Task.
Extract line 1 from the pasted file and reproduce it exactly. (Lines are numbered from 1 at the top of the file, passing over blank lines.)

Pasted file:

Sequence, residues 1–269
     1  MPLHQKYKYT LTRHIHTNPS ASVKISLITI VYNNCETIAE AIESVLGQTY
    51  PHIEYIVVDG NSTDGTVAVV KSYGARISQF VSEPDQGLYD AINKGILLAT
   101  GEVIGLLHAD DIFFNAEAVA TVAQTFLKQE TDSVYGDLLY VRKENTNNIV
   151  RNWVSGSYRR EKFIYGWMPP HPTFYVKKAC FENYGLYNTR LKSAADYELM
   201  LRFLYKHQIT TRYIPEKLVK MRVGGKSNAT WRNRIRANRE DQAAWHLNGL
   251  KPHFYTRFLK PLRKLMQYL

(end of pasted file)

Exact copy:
Sequence, residues 1–269